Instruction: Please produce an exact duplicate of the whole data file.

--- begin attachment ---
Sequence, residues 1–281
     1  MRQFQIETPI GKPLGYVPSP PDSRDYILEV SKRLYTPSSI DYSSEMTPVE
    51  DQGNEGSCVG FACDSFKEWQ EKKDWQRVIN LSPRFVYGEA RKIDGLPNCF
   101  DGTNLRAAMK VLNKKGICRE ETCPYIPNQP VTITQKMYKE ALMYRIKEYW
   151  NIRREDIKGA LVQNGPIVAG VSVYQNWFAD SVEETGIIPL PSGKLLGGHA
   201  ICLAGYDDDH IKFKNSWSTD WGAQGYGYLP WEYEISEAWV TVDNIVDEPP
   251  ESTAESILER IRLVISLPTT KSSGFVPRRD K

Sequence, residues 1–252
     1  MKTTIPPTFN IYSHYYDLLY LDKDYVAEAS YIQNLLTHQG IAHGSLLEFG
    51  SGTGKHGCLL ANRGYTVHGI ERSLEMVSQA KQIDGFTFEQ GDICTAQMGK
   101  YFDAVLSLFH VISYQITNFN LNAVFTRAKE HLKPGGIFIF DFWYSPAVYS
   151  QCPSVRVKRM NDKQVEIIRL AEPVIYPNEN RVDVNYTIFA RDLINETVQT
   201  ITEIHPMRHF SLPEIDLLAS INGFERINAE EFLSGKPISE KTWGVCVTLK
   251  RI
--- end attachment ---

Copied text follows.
Sequence, residues 1–281
     1  MRQFQIETPI GKPLGYVPSP PDSRDYILEV SKRLYTPSSI DYSSEMTPVE
    51  DQGNEGSCVG FACDSFKEWQ EKKDWQRVIN LSPRFVYGEA RKIDGLPNCF
   101  DGTNLRAAMK VLNKKGICRE ETCPYIPNQP VTITQKMYKE ALMYRIKEYW
   151  NIRREDIKGA LVQNGPIVAG VSVYQNWFAD SVEETGIIPL PSGKLLGGHA
   201  ICLAGYDDDH IKFKNSWSTD WGAQGYGYLP WEYEISEAWV TVDNIVDEPP
   251  ESTAESILER IRLVISLPTT KSSGFVPRRD K

Sequence, residues 1–252
     1  MKTTIPPTFN IYSHYYDLLY LDKDYVAEAS YIQNLLTHQG IAHGSLLEFG
    51  SGTGKHGCLL ANRGYTVHGI ERSLEMVSQA KQIDGFTFEQ GDICTAQMGK
   101  YFDAVLSLFH VISYQITNFN LNAVFTRAKE HLKPGGIFIF DFWYSPAVYS
   151  QCPSVRVKRM NDKQVEIIRL AEPVIYPNEN RVDVNYTIFA RDLINETVQT
   201  ITEIHPMRHF SLPEIDLLAS INGFERINAE EFLSGKPISE KTWGVCVTLK
   251  RI